from Science News Headlines - Yahoo News http://ift.tt/1UIbBSP
via RO Water Filter

Tribeca Film Debate: Why the Anti-Vaxxers Just Won't Quit

The anti-vaccination movement regained attention due to actor Robert De Niro's decision late last week to pull the film "Vaxxed" from the Tribeca Film Festival, which he runs. Despite the public pressure to pull the film — not to mention the innumerable studies showing that vaccines are safe — there are many reasons the movement persists, sociologists told Live Science. "We know vaccines carry some risk, and we know that risk is very small," said Jennifer Reich, an associate professor of sociology at the University of Colorado Denver.

from Science News Headlines - Yahoo News http://ift.tt/1ZQWd5P
via RO Water Filter

5 Ways Science Could Make Football Safer

Now, in response to concerns from the public and players about injuries, research into making football safer has become a leading topic of discussion for the NFL and many sports medicine organizations, experts say. An investigation published last week by The New York Times revealed that concussion research from the National Football League (NFL) was incomplete to the point of being misleading. According to the Times, data that the NFL used in 13 peer-reviewed articles, which supported the NFL's claims that brain injuries from football cause no extended harm to players, left out over 100 diagnosed concussions, including the injury that ended the career of Steve Young.

from Science News Headlines - Yahoo News http://ift.tt/1UI7RRa
via RO Water Filter

Morgan Freeman Delves into 'The Story of God' in Nat Geo Special

"Over the past few months, I’ve traveled to nearly 20 cities in seven different countries on a personal journey to find answers to the big mysteries of faith," Freeman said in a statement. The idea for the miniseries took root when Freeman was visiting Istanbul about six years ago with film producer Lori McCreary, who helped Freeman found the Revelations Entertainment production company. "The man said no, that Muslims celebrated these stories, too," Freeman said.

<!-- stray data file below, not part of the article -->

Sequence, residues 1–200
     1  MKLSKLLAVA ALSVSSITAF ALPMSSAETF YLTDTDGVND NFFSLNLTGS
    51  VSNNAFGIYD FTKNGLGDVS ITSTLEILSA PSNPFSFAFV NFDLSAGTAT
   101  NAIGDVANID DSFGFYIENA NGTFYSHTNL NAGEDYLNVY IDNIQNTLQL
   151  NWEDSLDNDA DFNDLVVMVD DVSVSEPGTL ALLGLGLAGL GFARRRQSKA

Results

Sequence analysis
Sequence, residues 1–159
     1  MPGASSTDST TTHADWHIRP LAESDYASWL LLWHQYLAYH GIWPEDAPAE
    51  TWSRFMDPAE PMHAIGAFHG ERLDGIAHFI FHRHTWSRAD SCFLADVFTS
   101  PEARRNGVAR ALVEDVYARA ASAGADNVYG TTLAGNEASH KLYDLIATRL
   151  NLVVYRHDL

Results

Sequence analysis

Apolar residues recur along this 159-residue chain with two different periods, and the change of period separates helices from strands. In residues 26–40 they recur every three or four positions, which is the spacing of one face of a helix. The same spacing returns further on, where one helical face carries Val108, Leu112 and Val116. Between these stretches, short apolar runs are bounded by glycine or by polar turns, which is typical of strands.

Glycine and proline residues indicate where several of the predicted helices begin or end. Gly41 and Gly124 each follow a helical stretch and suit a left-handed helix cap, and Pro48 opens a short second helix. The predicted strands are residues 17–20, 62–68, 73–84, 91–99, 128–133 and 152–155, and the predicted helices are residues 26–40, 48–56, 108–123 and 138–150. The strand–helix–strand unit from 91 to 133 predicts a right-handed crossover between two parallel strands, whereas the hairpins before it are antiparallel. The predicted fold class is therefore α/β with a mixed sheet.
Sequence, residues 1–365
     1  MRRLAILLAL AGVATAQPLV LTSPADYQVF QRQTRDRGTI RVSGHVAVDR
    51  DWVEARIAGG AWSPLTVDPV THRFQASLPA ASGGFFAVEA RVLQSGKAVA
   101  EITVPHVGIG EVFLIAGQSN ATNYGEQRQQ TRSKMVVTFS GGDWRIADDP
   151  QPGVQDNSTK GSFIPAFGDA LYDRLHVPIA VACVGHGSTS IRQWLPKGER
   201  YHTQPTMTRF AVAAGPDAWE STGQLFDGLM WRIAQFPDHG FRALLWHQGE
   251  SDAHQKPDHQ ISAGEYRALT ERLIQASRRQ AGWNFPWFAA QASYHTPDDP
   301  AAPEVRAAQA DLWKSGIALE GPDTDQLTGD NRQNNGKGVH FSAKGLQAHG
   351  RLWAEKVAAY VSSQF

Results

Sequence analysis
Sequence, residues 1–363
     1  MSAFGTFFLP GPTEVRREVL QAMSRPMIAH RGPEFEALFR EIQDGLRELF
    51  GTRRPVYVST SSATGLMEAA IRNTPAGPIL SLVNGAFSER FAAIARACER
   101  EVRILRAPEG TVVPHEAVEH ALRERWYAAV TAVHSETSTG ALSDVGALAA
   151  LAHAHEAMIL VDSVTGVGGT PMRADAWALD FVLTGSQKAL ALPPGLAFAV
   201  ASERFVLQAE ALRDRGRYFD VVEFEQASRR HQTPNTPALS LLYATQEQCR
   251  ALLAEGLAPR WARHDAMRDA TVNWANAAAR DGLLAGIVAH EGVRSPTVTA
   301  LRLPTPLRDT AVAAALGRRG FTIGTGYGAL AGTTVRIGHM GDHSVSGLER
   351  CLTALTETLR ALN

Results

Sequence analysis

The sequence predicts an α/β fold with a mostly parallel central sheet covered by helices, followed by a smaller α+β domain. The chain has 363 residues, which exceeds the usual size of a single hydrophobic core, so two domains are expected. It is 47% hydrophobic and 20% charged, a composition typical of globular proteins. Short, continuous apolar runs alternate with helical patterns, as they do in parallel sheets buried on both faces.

from Science News Headlines - Yahoo News http://ift.tt/1SF3u5K
via RO Water Filter

Relic of Beheaded Medieval Swedish King Might Be Authentic

To open a medieval reliquary containing a saint's bones, you have to have a good reason, said Sabine Sten. Sten is an osteoarchaeologist (a type of scientist who studiesskeletal remains from archaeological sites) at Uppsala University in Sweden. Two years ago, she got permission to open a reliquary (a container used to hold objects deemed holy) at the Uppsala Cathedral, to study the bones of Erik Jedvardsson, a medieval Swedish king turned saint.


from Science News Headlines - Yahoo News http://ift.tt/1MGOhSz
via RO Water Filter

Scientists Hijack Bugs, Turn Them into Cyborgs

For decades, scientists have looked to insects for inspiration when designing robots, with the hope of learning from millions of years of evolution. In the past two decades, instead of attempting to create intricate robots that mimic the complexity of the insect form, researchers have tried hijacking bugs to turn them into robots themselves. Although the researchers acknowledged that cyborg insects do have a number of drawbacks compared to true robots, such as limited life spans, they have several advantages, too.


from Science News Headlines - Yahoo News http://ift.tt/1SF3rqH
via RO Water Filter

10-Million-Year-Old Snake Revealed in Living Color

The fossilized remains of a snake that lived 10 million years ago don't look very colorful to the naked eye today. Though the pigment grains held within the snake's cells were long gone when scientists discovered the fossil, the cell shapes resembled several types of pigment cells in modern snakes that contain various kinds of color information. Matching the ancient and modern cell shapes allowed researchers to use modern snake color cell data as a road map.


from Science News Headlines - Yahoo News http://ift.tt/1ZQkKYx
via RO Water Filter